Actually, yes it does matter. While no one was expecting the film to be a documentary, this inclusion of the scene goes against the purpose and premise of the film. The entire movie is about how society had marginalized these women and their trials, triumphs and accomplishments. And this story was meant to right those wrongs. So pushing these central characters, Black women, to the side in order to make space for White men is not only cliche and problematic it was completely unnecessary. Katherine Johnson stood up to segregation on her own. And watching her walk into the White’s only restroom would have been less theatrical but perhaps more powerful in its righteous defiance, display of courage and demonstration of character. Personally, I loved the scene where Octavia Spencer’s character stole the book from the all-White library because they wouldn’t let her check it out. Stupid rules like that are meant to be broken and if she hadn’t done it, she would have never learned how to operate the new computer at work and her job as well as all the other Black women at NASA would have been fired. The story is about Black women so show the Black women especially when they use their agency to stand up to injustice.

I can understand Melfi’s thought process though. Perhaps White people do need to see themselves doing the right thing on screen. But when you’re telling a true story, tell the truth, especially when the reality is better than fiction. As my friend/coworker Victoria mentioned, Melfi’s argument is a cop out for White people needing to see themselves as good and just in some of the darkest and most unjust times in our country. And the reality is, that just wasn’t the case. Benevolent White folk, even at a prestigious institution like NASA, were hard to come by. It’s the reason this story has remained untold for so long.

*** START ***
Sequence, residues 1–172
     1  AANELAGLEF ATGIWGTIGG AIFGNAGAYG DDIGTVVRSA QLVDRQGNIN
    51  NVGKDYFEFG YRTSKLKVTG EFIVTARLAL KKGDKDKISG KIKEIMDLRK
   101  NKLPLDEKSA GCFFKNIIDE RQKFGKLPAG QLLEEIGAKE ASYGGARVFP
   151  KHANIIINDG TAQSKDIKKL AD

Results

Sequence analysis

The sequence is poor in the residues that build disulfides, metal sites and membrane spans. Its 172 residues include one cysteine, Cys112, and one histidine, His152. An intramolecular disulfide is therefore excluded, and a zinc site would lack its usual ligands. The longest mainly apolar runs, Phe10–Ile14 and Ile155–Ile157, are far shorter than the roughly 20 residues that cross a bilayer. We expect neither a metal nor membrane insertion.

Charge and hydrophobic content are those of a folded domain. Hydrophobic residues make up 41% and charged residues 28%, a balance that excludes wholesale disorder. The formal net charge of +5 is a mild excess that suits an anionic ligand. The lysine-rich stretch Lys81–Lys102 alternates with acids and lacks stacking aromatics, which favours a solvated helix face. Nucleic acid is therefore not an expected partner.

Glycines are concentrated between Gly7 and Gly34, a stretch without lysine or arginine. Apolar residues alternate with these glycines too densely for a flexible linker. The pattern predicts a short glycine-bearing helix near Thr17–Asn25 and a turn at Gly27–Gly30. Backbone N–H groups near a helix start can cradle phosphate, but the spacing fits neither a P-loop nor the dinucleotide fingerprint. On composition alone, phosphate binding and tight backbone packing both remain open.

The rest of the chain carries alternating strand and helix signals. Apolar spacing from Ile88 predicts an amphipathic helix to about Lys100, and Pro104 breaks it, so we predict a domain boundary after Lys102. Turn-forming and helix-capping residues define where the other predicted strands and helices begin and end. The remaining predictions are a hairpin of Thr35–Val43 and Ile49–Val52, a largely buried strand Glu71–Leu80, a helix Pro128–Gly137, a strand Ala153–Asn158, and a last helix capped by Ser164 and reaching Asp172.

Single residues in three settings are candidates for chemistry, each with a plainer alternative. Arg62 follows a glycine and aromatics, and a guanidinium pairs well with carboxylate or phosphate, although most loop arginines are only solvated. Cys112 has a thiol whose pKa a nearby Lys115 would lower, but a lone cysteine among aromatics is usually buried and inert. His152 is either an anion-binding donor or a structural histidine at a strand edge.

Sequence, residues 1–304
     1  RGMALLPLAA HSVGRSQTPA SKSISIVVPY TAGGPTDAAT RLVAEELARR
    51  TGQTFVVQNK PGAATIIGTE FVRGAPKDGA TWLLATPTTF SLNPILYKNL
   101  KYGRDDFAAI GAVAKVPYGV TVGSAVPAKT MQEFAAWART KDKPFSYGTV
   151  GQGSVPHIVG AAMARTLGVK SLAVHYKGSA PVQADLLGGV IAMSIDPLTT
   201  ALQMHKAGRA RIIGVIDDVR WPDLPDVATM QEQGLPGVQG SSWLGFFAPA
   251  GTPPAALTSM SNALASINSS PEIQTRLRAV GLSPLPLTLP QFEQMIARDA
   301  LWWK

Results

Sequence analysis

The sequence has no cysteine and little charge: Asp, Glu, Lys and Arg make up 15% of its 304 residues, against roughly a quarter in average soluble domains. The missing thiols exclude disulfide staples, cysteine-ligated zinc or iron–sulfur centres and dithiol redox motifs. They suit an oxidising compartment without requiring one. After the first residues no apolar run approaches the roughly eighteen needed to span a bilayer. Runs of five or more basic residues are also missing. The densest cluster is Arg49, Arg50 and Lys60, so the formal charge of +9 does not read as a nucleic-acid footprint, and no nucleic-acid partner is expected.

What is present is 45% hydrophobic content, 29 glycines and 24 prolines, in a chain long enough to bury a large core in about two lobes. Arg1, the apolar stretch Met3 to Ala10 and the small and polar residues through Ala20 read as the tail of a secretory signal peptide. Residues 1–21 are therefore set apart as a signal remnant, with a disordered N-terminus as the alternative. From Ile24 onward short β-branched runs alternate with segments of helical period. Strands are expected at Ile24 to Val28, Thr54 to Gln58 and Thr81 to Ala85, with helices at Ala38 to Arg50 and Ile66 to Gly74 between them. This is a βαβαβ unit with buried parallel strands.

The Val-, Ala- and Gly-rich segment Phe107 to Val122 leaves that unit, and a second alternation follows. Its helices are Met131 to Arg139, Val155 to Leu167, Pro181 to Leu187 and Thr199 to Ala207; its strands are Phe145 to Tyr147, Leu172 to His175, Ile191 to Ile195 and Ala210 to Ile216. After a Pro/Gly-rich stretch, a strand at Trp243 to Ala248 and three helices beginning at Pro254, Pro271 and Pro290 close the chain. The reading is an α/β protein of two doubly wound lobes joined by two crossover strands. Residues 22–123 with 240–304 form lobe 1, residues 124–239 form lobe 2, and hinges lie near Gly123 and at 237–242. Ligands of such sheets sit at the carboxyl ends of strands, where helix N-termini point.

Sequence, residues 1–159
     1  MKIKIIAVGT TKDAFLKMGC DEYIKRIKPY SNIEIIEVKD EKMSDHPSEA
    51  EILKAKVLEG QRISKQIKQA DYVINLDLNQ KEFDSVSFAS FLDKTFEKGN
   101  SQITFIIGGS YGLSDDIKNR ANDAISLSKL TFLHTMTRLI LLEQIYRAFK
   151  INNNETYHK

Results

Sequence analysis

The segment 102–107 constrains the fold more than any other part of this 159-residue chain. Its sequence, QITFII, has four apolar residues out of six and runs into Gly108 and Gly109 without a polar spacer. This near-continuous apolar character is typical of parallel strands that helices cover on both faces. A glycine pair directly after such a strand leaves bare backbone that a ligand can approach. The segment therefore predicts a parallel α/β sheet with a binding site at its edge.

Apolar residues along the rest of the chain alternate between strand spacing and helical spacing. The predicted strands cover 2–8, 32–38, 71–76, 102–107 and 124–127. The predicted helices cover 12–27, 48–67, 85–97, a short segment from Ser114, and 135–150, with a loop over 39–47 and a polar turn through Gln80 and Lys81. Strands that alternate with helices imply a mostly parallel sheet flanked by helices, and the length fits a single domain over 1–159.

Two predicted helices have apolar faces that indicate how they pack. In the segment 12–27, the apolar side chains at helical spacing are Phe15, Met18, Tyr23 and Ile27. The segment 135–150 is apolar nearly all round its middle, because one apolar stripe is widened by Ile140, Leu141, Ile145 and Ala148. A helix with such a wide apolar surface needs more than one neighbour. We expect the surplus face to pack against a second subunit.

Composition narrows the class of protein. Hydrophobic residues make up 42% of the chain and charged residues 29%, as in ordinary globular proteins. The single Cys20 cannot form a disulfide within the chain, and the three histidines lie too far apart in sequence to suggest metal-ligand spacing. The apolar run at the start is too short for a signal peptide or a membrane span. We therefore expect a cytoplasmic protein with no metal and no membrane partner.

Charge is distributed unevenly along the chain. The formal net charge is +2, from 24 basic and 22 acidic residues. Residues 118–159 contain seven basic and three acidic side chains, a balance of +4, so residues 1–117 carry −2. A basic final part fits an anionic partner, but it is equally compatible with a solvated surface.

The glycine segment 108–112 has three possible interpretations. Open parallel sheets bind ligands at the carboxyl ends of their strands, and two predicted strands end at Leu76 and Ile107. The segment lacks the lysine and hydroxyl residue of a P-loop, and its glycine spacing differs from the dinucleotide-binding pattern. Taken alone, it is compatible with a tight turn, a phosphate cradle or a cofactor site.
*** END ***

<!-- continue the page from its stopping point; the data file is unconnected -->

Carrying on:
Furthermore, there were good and factual moments for White folks without this extra-ass scene. There was the moment John Glen called to have Katherine Johnson check his math and there was the judge who let Mary Jackson, played by Janelle Monae, take classes at the all-White school. Then there was another fictionalized moment when Katherine’s boss allows her into the control room to watch John Glen’s launch and landing. (In reality, Johnson watched it all from her desk.) That’s enough. If you want to paint a picture of what the climate was like back in those days, paint it clearly.

One of the biggest problems with White supremacy is its inability to recognize the depth and darkness of the evil it has perpetuated across the world. And instead of acknowledging that, it’s become much easier to tell a version of the truth, a version that makes them feel more comfortable. But the fact of the matter is, it’s a version that doesn’t do a damn thing to help racism. Racist ideas and attitudes linger in this country because we haven’t, as a nation, even attempted to understand its affects. White people don’t want to acknowledge the psychological remnants of their actions in their minds and in the minds of the people they have and continue to oppress. They cringe at being called racist but refuse to recognize the racist-leaning attitudes that have prevented the country from progressing as it should.

And despite what Melfi thinks, that is something to care about.

If anything, I am thankful to Melfi for forcing me to buy Margot Lee Shetterly’s book.

Veronica Wells is the culture editor at MadameNoire.com. She is also the author of “Bettah Days.” You can follow her on Facebook and Twitter @VDubShrug.